Why is the best part of ‘The Muppet Christmas Carol’ still missing?

It's a Christmas classic but arguably one of the most memorable moments of The Muppet Christmas Carol has been cut from the version we see on TV. Director Brian Henson explains where 'When Love Is Gone' went and what he's doing to try and get it back

Originally released in 1992, The Muppet Christmas Carol has slowly but surely become one of the most-loved Christmas films, and Michael Caine the definitive screen Scrooge.

For many around the world, it doesn’t truly feel like Christmas until the Muppets’ take on the Dickens tale is rewatched with friends and family. But there is a key part missing from the version that shows in cinemas and on TV that fans feel the absence of.

When Scrooge is taken back to Christmas pasts, he sees his younger self with his fiancé Belle and remembers the Christmas they broke up because he was too focussed on his career. This scene is then followed by Belle singing about “A time when I was sure that you and I were truly one, that our future was forever and would never come undone…” It’s a heartbreaking song and a highlight in an amazing soundtrack. But pressure from the studio meant the song was cut, and has yet to be properly restored.

But while fans remain frustrated about this omission, it should be some comfort that director Brian Henson (son of Muppets creator Jim) hasn’t let the issue drop.

While promoting his film The Happytime Murders,  The Big Issue asked about where When Love Is Gone went.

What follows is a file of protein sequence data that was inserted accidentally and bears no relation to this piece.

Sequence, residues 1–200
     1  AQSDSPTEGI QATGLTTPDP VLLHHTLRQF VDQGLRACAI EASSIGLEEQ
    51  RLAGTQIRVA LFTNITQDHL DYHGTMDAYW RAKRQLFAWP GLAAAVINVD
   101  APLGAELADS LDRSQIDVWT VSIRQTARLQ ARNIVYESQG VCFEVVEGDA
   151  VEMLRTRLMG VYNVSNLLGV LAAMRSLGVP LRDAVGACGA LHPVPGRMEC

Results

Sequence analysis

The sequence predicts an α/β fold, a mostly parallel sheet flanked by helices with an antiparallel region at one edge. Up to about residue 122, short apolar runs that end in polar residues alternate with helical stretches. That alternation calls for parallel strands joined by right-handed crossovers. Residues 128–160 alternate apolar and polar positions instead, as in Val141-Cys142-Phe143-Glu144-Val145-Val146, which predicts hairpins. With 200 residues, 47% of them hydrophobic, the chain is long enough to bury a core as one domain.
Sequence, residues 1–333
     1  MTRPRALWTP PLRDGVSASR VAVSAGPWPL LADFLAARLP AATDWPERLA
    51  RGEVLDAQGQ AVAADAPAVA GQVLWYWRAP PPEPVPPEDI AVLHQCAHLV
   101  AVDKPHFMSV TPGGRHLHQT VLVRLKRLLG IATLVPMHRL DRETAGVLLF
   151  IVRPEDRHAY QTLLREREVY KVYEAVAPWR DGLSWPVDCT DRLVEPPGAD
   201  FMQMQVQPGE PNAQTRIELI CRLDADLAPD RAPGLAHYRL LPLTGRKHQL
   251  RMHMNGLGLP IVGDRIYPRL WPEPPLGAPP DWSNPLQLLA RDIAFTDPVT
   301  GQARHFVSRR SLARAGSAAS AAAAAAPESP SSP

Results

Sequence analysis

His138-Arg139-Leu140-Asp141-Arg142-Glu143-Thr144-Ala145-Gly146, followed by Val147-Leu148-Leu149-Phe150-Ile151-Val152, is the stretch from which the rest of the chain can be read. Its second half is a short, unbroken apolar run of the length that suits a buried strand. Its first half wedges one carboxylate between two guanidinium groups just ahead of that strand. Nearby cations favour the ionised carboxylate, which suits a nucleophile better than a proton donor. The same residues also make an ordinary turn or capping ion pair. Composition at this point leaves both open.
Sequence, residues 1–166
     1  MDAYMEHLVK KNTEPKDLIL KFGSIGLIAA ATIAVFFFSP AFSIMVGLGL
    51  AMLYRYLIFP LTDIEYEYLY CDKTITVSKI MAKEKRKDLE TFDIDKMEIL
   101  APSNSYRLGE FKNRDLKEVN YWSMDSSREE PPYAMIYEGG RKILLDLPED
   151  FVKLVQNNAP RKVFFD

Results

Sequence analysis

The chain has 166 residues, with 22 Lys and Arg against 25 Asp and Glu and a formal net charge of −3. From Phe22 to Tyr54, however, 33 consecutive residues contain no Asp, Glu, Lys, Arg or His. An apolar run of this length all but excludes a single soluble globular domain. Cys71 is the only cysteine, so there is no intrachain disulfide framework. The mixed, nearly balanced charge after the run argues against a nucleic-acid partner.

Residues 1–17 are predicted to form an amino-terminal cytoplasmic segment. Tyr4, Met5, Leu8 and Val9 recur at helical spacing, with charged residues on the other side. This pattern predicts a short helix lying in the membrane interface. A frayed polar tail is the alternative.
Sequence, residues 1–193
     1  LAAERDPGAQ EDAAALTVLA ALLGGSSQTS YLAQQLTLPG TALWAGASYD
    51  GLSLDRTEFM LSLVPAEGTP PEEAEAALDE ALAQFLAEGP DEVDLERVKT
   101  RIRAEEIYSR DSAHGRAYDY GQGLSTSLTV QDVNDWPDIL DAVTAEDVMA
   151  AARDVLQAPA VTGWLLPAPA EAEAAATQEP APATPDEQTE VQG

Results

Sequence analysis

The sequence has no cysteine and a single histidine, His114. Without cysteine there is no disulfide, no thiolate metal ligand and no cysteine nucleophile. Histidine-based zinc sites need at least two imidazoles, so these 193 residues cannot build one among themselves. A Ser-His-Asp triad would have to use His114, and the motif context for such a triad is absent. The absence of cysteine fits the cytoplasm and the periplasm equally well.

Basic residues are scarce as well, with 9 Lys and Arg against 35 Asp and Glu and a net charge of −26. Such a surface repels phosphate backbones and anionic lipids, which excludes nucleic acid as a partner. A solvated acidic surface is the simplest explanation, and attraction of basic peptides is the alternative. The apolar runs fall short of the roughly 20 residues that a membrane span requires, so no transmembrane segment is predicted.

“I’m not allowed to tell you that,” Henson said. “But I think I have said it in public so I’ll go ahead and tell you too.

“It’s because Disney lost the negative. I made the movie with When Love Is Gone in it and then I removed it for the theatrical release – because the studio wanted the movie shorter – with the agreement that I would put it back in again for the video release.

I call them like every month to ask if they’re still looking

“We made a video master with When Love Is Gone then we cut it out, spliced the negative, for the theatrical release. But in the process they lost the video master and they still have not been able to find the negative.”

This means that VHS copies of the film had the song, but when DVDs were invented only the cinematic master was available so it really is gone in all subsequent versions of the film.

“When we tried cutting it in to the Blu-ray movie it looked terrible because you could tell we’d cut from high resolution to the original video release,” Henson added. “I’m still pressuring them to find it. They keep swearing to me that there is no way it has been lost forever, and I keep saying, ‘but it’s been 20 years!’

“They’re still searching. I call them like every month to ask if they’re still looking. One of these days they’ll find it.”

That’s something to look forward to in Christmas yet to come. But until then, here is a version from YouTube…